Cutting the wire with any audio product is what we ultimately want. Yet the dilemma of weaker audio quality when compared to its wired nemesis still seems quite real. SACKit knocked the ball high out of the park with their portable Bluetooth WOOFit Jam speakers, so will their magic also cast to their first entry into the headphone space? We’re certainly excited to find out.
Gold is quickly becoming the new black nowadays, so we opted for the former out of the two colour choices. Extravagant is the word that springs to mind when looking and feeling the SACKit WOOFit Bluetooth headphones. They shun any image of being ‘techy’ and are instead ripe for both modernist male and female tastes, with their eye-catching proportional thin leather headband and circular flat ear cups.
Aluminium is generously used to construct the ear cups and sliding height adjustment mechanism, which we should add is very agile. In fact, durability is one of this set's trump cards; we’ve travelled with them in and out of backpacks and they are still sparkling away. They’re a strong pair! Despite the fact that they cannot be folded up, the 168g small dimensional profile, without the wire, stands them well for commuters.
Comfort & Noise Isolation
Whatever can be padded is - generously; this includes the headband and ear cups. As a complete package we have no complaints to make about our head feeling restless and want to pay particular praise to the headband design, as it is barely noticeable resting on the head during lengthy periods of listening. Our ears however do become squished feeling after 3 hours or so of listening. The cups are little bigger than your traditional on-ear ones, so are sort of stuck in an in-between of sorts, but include true active noise cancellation with microphones surveying your exterior environment of sound, cleverly keeping it out of your music. Toggled by a switch on the right ear cup, the difference between this being off and on is enormous; it truly works to scoop out the surrounding pedestrian and car sounds on morning walks.
The 12 hour claim seems to ring near to the truth! We squeezed out just a notch above 10 hours with volume dialled up at around 75%. Not too shabby when we take into account these are powering substantially bigger audio drivers than a pair of Bluetooth earphones like the RBH EP-SB earphones with their 6 hours of battery life.
Bluetooth & Inbuilt Controls
Unsurprisingly the Bluetooth 4.0 performance was stable across all our tablets, smartphones and notebooks. We had hardly any issues when toggling between different devices. The range was also confidently around 10 metres and these headphones don’t stutter through walls or from active movement, which is always a nice plus! What’s more, we don’t need to reach into our pocket to grab our smartphone to control music, instead all these functions can be done wirelessly via volume up/down buttons and a Bluetooth multifunctional button. This can pause/play tracks, skip music and answer calls thanks to a decent inbuilt mic.
We wanted to report that playing music via Bluetooth 4.0 and over the cable is now on a par, but differences are still prominent. This means the audio via the cable informs us of just how capable they can be, with a dynamically warm sound that includes a respectably resonating bass, when taking into account the size of the 40mm drivers. Playing the new release ‘Downtown’ by ‘Maclemore’ these smashed out a more impressive bass response than the £250 Sennheiser Urbanite XL headphones. It really is an impressively deep bass for an on-ear pair of headphones and the volume gets too loud for us, but the bass refuses to distort.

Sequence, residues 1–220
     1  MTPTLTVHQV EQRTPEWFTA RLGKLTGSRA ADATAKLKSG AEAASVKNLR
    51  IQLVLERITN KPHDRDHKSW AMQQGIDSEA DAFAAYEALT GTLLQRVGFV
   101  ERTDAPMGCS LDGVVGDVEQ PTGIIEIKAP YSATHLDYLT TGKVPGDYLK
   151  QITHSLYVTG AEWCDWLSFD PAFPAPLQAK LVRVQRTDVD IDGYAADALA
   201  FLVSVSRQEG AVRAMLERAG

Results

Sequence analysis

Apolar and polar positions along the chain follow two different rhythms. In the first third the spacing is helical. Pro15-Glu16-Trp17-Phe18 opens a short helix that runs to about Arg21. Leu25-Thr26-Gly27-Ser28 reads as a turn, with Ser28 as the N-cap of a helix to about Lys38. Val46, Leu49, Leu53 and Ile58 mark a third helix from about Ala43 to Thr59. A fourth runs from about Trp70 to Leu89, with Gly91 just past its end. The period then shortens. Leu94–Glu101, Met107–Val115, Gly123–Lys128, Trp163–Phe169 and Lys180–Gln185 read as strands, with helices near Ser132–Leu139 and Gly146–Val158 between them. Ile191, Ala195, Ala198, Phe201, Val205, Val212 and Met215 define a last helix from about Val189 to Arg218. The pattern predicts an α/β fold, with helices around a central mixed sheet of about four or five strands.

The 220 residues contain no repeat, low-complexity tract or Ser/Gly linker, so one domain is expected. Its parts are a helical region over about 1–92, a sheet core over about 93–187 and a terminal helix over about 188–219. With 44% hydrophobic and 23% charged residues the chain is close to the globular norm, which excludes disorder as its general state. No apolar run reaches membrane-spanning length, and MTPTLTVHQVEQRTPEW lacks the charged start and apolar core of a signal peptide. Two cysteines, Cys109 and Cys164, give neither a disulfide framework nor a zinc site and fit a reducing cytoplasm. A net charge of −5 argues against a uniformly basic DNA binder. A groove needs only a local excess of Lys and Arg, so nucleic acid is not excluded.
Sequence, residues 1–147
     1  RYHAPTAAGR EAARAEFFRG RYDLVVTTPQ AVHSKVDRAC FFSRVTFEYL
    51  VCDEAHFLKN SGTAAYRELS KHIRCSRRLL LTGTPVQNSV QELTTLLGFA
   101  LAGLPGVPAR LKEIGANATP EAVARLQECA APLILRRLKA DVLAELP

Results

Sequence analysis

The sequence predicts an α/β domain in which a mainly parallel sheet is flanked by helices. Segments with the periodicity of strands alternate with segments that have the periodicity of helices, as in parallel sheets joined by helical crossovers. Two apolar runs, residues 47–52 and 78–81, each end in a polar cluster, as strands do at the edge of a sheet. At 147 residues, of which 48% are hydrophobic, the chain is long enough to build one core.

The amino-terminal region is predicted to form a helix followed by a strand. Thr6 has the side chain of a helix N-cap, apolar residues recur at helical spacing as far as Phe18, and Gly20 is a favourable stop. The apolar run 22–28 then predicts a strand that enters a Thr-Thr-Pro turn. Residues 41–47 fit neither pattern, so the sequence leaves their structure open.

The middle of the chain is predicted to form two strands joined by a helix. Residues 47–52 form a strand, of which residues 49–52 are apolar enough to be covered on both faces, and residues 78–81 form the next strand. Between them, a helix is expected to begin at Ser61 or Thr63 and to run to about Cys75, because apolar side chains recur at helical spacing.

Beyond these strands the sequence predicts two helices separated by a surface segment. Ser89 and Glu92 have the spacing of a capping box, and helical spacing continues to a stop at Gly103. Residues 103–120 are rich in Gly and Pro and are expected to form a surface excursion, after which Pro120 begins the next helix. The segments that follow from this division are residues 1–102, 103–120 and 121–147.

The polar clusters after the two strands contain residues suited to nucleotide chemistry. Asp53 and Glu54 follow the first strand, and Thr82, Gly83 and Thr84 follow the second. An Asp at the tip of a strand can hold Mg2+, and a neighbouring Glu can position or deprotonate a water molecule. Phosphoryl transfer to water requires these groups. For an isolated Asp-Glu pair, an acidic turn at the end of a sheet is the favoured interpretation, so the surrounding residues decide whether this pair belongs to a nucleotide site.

’September in the Rain’ by ‘Dinah Washington’ is a nice example of the underlying bass retaining the energy, along with the high frequency violins and vocals that need guts, and at times a sparky mid range too. So yes, we are very happy with the range performance individually and amongst one another when playing a diverse selection of different genres through the SACKit WOOFit Bluetooth headphones. What’s odd is that the breathing space between them all is quite evidently wide, with accurate stereo separation, but despite no real presence of a sound stage surrounding your head, audio just projects straight into the ear canal with no fancy effects. Nevertheless, songs with lots of individual musical elements do well not to tread on one another. Despite all of this, audio performance over Bluetooth is just a little bit more subdued than that through the wire, with volume levels dumbed down and pure potential prominence across all ranges mildly weakened too. For the sake of engineering this could be deliberate in order to maximise battery life, which we were, incidentally, extremely happy with, although our inkling is that the maximum potential of Bluetooth is dampened by the digital compression that still occurs even with the newest standalone Bluetooth 4.0.
A good Bluetooth pair of headphones, but a great wired pair. Nevertheless, for the £130 price tag, they provide what we would consider honourable value for well groomed convenience of wireless audio and a high level of performance for satisfactory daily listening.